NOTNo matter what people say about the political contest unfolding in Alaska — and people have a lot to say — there’s one thing they all agree on: the race for the single seat in Congress will be the most open. for half a century.
The most obvious reason is that the person who held the seat for 49 years, Republican Don Young, who was first elected in 1973, died in March. It was his death at the age of 88 that triggered the special election to replace him, a contest that has so far attracted around 50 candidates.
Interest in the election was partly attributed to the new open primary system, which was adopted for the first time.
In June, voters will cast their ballots and the top four names will stand in the second round, or general election, which will use preferential voting.
Attention to the race has no doubt intensified as one of the candidates is Sarah Palin, 58, a former mayor of Wasilla who later served as Alaska’s 9th governor from 2006 to 2009.
The outspoken populist is probably best known for being the 2008 Republican vice-presidential nominee alongside Arizona Sen. John McCain, the first woman on the top GOP ticket, and only the second for a great party. While some mocked Palin and condemned McCain for choosing someone the DC establishment deemed unqualified for such a job, others were impressed with Palin’s authenticity and her skills as a communicator.
Palin, who has spent the past decade in semi-retirement on the right-wing, conservative circuit of Fox News and the Conservative Political Action Conference (CPAC), announced earlier this month that she was joining the field already crowded.
“Today I am announcing my candidacy for the United States House seat representing Alaska,” she posted on Facebook. “Public service is a calling, and I would be honored to represent the men and women of Alaska in Congress, just as Rep Young has done for 49 years.”
She added: “America is at a tipping point. As I saw the extreme left destroying the country, I knew I had to step in and join the fight. Residents of the great state of Alaska, like others across the country, are struggling with out-of-control inflation, empty shelves and some of the highest gas prices in the world.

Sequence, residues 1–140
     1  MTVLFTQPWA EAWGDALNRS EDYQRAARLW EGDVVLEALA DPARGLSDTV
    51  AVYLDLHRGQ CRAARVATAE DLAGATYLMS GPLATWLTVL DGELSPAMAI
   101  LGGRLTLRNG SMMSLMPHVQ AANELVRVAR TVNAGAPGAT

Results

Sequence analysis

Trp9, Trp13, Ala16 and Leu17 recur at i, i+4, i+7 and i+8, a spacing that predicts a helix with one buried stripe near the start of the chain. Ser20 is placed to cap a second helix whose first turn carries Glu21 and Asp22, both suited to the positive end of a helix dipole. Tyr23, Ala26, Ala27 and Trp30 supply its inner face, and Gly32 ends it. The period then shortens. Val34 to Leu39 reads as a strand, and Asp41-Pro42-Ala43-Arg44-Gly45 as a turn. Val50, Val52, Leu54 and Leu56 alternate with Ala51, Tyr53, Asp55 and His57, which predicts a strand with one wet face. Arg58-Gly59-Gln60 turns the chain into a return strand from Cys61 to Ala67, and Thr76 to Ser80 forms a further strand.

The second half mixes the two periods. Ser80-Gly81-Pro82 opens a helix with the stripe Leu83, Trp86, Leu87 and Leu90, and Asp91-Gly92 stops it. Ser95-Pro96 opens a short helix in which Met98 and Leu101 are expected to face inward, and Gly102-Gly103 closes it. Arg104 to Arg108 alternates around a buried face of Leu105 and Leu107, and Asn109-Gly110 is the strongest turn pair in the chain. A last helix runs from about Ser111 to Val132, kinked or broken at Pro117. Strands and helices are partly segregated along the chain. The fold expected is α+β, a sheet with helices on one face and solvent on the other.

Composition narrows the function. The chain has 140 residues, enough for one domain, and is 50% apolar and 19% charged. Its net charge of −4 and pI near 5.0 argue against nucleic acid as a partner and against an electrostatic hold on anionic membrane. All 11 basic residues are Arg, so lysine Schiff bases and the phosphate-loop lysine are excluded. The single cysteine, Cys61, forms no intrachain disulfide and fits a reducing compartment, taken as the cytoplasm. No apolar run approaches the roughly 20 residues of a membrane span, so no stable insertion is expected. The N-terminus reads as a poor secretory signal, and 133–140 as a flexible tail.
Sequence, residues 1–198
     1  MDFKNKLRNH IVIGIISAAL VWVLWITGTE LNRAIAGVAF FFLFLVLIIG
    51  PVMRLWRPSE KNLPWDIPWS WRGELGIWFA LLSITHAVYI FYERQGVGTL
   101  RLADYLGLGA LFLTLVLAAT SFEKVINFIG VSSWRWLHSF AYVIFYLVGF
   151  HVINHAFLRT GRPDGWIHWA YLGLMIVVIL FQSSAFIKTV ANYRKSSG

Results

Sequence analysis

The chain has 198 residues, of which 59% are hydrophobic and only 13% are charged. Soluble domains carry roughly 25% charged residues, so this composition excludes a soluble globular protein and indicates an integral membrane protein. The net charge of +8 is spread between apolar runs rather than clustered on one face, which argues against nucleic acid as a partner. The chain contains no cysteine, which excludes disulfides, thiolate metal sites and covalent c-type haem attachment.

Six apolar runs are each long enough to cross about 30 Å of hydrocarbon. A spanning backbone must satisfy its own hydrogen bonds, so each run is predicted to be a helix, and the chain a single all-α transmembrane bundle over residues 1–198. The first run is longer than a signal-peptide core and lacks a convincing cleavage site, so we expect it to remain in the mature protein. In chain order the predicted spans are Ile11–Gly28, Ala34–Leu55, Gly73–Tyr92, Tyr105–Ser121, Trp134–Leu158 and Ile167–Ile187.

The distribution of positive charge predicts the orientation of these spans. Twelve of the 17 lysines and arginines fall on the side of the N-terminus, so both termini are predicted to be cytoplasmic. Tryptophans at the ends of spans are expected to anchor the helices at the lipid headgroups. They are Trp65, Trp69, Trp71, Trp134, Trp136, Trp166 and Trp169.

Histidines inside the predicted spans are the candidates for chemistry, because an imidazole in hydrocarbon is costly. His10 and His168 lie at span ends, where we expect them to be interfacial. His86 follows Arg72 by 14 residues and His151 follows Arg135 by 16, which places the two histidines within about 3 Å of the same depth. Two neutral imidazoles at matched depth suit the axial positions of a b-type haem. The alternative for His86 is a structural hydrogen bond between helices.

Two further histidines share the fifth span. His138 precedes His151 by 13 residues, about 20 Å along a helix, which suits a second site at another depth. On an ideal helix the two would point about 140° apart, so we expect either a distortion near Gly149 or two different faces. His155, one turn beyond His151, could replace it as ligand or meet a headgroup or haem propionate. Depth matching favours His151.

She quickly received an endorsement from former President Donald Trump, bringing more attention to the race.
“Sarah shocked a lot when she backed me up early in 2016, and we won big,” Trump said. “Now it’s my turn! Sarah has been a champion for Alaskan values, Alaskan energy, Alaskan jobs, and great Alaskan people.
Sarah Palin Says She’d Replace Late Rep. Don Young “In a Heartbeat”
But while Palin may have the most name recognition, endorsement from a fellow populist and CPAC favorite, it’s not clear she can pull it off. At the very least, she will have a fight on her hands.
And she’s going to have to fight a whole host of other candidates, including a city council member from the North Pole, Alaska, near the city of Fairbanks, who 17 years ago legally changed his name to Santa Claus.
He supports many of Democratic socialist Bernie Sanders’ policies and says his campaign doesn’t take a lot of money.
Another candidate, Emil Notti, 89, is an Alaskan native who wants to draw attention to climate change, the effects of which he and many scientists believe are being seen in Alaska.
Yet another candidate, Nick Begich III, is a Republican member of a historic Democratic political family.
He is running for the seat once held by his grandfather. Nick Begich Sr was elected to Alaska’s only congressional seat in 1970, but was one of four people presumed dead when their light aircraft went missing on a 1972 flight from Anchorage to Juneau. His body has never been found.
One uncle, Mark Begich, is a former Democratic senator from Alaska, while another uncle, Tom Begich, is currently a Democratic state senator.
“I’ve been a Republican all my life, since the first time I registered to vote. I am a conservative. You know, I think Don Young and I share a lot of the same views on a number of policies, he told the Anchorage Daily News. “I would say I’m probably a little to the right of Don, but at the end of the day, it’s conservative principles that I hold.”